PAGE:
hopping along the phosphoric acid anions (n > 2). This term is associated to free acid, and can contribute a strong increase of the conductivity;
hopping via water molecules, concurrent with the previous one, which is significant at high temperature.
Whereas, in most cases the Arrhenian behaviour of the conductivity calls for prevalent proton hopping [24
], we recently showed that acid-doped PBI_5N membranes exhibit a Vogel–Tammann–Fulcher (VTF) conduction behaviour, where proton hopping is coupled with the segmental motion of the polymer chains [80
In order to obtain a deep understanding of the proton transport mechanisms in these systems, it is mandatory to address the situation in pure H3
and then in mixed H3
O solutions as model systems. Both these tasks were investigated by the Kreuer group. Proton transport in pure H3
was investigated by ab initio molecular dynamics [81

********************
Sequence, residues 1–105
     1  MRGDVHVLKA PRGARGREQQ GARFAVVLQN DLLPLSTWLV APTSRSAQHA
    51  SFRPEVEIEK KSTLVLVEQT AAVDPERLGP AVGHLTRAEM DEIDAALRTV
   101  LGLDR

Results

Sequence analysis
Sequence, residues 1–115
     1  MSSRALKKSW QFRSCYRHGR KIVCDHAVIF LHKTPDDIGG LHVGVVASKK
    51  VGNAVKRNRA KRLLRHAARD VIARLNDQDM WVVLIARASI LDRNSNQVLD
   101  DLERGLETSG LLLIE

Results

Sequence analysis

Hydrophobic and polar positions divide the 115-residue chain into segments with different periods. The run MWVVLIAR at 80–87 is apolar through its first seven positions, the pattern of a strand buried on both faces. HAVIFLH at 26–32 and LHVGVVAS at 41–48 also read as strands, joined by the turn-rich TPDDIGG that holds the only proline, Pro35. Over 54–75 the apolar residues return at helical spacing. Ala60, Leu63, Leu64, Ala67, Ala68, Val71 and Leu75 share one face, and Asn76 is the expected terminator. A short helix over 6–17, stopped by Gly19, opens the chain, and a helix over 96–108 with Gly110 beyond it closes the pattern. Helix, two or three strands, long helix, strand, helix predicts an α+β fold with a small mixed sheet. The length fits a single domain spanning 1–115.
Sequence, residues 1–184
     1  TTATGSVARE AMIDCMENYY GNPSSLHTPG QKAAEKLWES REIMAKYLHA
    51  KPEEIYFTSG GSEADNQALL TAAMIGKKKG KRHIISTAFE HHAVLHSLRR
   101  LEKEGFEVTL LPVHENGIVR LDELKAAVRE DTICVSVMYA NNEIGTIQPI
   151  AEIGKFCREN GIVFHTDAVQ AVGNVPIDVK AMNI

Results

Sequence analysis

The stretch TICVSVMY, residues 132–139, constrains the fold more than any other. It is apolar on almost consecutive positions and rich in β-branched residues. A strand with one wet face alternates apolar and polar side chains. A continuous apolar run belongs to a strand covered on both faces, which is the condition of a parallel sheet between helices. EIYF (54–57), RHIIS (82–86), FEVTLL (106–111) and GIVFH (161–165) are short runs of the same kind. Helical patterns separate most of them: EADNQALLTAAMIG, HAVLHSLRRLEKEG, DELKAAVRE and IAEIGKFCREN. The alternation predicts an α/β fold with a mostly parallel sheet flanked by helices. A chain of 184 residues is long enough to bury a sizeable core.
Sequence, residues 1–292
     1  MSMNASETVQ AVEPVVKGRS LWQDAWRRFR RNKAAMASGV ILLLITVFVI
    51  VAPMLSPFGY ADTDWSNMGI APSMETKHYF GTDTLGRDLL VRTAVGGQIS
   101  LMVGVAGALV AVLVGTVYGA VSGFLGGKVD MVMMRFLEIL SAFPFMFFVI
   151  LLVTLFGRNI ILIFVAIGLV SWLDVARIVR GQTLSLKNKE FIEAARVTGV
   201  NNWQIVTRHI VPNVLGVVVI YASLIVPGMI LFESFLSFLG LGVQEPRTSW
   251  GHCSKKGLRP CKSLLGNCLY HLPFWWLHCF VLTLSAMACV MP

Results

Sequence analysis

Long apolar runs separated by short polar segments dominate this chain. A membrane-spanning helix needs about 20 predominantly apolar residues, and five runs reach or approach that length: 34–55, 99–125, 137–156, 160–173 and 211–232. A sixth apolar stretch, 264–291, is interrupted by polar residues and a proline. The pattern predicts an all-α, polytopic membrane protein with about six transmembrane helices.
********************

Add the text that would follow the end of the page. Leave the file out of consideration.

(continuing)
]. They showed that fast proton transport in hydrogen-bonded systems involves a structural diffusion mechanism, where intramolecular proton transfer is driven by specific HB rearrangements in the surrounding environment. Whereas, in aqueous media, the excess charge defects move through local hydrogen bond rearrangements, the strong and polarizable HBs in phosphoric acid will produce coupled proton motion and a significant dielectric response of the medium, thereby leading to the formation of extended, polarized hydrogen-bonded chains (structural diffusion). The interplay between these chains and a frustrated HB network is at the basis of PA high proton conductivity. Here, the concept of “frustration” is related to the imbalance between proton donors and acceptors. In particular, “frustrated protons” are protons covalently bonded to HB-accepting oxygens that cannot themselves participate to HBs because of a scarcity of acceptors. Frustrated protons readily form new HBs, thereby stabilizing excess charge, which produce irreversible charge separation and thus conduction.